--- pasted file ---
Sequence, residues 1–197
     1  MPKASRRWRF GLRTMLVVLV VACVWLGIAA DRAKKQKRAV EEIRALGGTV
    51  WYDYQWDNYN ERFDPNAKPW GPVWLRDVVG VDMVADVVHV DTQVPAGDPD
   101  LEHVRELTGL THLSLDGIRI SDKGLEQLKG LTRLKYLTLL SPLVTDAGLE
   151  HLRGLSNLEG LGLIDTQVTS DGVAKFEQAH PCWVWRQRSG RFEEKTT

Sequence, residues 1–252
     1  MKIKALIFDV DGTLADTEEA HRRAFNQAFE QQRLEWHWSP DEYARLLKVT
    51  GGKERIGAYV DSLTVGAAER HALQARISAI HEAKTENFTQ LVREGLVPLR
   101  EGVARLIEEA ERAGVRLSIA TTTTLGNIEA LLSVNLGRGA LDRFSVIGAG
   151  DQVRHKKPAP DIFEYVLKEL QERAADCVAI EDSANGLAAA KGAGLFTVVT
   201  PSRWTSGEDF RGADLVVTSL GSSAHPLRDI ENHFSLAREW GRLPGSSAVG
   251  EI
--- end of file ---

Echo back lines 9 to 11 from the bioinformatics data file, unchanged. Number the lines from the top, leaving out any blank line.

   101  EGVARLIEEA ERAGVRLSIA TTTTLGNIEA LLSVNLGRGA LDRFSVIGAG
   151  DQVRHKKPAP DIFEYVLKEL QERAADCVAI EDSANGLAAA KGAGLFTVVT
   201  PSRWTSGEDF RGADLVVTSL GSSAHPLRDI ENHFSLAREW GRLPGSSAVG